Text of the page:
Under the Internet Archive’s regular model, it does not allow users to mass download e-books. Instead, it functions through “controlled digital lending,” which allows “entit[ies] that own a physical book to scan that book and circulate [the] digitized title in place of [the] physical one in a controlled manner.”
But controlled digital lending also requires that libraries only lend the number of copies it owns. The Internet Archive counts its own physical copy of a book, and up to one book copy owned by its partner libraries to dictate the number of e-books it can lend.
However, it was not using this practice during the pandemic, lending out more digital book copies than courts say it had rights to.
The Internet Archive contends that it did not engage in copyright infringement because of the doctrine of fair use. This doctrine says that usage for “purposes such as criticism, comment, news reporting, teaching (including multiple copies for classroom use), scholarship, or research, is not an infringement of copyright,” per the court’s opinion.
Koeltl ruled that Internet Archive’s use of e-books did not adhere to these standards when rolling out the National Emergency Library, but also in its broader use of the lending library, saying there was nothing “transformative” about its use of e-books that gave it the right to “scan those books and lend the digital copies en masse.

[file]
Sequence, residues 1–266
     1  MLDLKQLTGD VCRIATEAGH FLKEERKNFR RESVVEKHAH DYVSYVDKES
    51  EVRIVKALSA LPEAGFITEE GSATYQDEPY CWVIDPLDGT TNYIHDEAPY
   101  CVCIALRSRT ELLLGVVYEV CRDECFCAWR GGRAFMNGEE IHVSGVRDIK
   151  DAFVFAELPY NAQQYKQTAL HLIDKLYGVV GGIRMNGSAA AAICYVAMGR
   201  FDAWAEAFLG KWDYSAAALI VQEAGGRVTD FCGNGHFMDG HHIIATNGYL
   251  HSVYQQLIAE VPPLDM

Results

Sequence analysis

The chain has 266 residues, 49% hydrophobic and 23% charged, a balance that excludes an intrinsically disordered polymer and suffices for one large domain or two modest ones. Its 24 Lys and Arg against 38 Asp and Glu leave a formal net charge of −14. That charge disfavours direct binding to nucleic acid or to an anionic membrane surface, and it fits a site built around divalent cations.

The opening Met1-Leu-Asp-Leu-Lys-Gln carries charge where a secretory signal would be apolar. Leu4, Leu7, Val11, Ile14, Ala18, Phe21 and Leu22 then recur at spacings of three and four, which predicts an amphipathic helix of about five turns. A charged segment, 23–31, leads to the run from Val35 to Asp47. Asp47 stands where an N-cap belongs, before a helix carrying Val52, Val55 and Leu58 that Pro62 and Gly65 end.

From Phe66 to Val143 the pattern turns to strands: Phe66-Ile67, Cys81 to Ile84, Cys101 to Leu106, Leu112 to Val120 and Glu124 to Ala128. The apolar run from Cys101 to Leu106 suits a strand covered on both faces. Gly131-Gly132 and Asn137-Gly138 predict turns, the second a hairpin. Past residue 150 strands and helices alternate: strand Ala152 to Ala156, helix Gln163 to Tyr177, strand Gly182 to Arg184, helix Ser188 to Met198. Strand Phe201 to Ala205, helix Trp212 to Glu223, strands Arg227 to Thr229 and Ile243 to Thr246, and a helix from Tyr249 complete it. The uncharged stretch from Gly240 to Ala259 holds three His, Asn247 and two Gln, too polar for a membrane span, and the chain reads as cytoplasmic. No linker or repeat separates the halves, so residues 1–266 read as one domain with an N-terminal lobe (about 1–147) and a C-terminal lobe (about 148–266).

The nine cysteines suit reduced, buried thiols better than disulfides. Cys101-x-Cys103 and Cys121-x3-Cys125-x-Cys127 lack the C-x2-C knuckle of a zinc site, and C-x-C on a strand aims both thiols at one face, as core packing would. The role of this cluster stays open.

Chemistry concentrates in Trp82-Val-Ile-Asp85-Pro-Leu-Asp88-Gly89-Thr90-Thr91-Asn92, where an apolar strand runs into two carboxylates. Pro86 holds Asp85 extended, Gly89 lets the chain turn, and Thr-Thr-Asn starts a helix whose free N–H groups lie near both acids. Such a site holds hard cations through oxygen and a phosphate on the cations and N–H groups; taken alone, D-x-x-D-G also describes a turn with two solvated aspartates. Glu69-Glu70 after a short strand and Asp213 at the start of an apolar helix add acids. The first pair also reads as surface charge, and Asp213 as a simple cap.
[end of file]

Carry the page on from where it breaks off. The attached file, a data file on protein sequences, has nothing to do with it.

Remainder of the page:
“IA’s fair use defense rests on the notion that lawfully acquiring a copyrighted print book entitles the recipient to make an unauthorized copy and distribute it in place of the print book, so long as it does not simultaneously lend the print book,” Koeltl added. “But no case or legal principle supports that notion. Every authority points the other direction.”
The Internet Archive still has the right to scan and distribute public domain books.
How are people reacting to the case?
The Authors Guild, an organization that offers resources to professional writers varying from legal tips to defending authors’ copyrights, tweeted on March 25 that it was “thrilled” by the court’s decision.
“As we have long argued, scanning & lending books w/out permission or compensation is NOT fair use—it is theft & it devalues authors’ works,” it added.
The Guild also claimed that it approached the Internet Archive years ago to create a license for books used on the Open Library, but the nonprofit declined to work with the organization.
However, more than 300 prominent authors—including Naomi Klein, Neil Gaiman, Hanif Abdurraqib, Chuck Wendig, and Cory Doctorow—previously signed an open letter asking publishers and trade associations to cease the lawsuit in late September.
“Big Publishing would outlaw public libraries if it could — or at least make it impossible for libraries to buy and lend books as they have traditionally done, to enormous public benefit — and its campaign against the Internet Archive is a step toward that goal,” said co-founder of News Co/Lab, an initiative to elevate news literacy, at Arizona State University, Dan Gillmor.